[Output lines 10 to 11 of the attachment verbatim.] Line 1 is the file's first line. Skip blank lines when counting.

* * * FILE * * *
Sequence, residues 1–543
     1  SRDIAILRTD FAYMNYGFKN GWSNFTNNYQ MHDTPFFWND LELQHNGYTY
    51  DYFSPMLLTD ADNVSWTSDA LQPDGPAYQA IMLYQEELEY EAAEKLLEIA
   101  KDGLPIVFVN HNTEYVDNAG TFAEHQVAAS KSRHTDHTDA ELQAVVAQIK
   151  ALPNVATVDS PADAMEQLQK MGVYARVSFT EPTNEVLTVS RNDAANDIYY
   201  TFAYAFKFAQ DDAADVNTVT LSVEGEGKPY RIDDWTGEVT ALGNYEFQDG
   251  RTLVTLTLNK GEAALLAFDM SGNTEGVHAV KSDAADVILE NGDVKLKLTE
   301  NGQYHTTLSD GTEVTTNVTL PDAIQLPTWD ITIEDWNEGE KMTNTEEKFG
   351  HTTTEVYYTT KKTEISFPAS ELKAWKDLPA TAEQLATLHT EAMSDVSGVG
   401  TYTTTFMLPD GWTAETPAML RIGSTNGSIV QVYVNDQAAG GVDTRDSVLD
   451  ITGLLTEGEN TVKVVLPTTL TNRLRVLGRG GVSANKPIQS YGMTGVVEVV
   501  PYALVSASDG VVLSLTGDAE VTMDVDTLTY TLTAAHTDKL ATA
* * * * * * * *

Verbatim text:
   401  TYTTTFMLPD GWTAETPAML RIGSTNGSIV QVYVNDQAAG GVDTRDSVLD
   451  ITGLLTEGEN TVKVVLPTTL TNRLRVLGRG GVSANKPIQS YGMTGVVEVV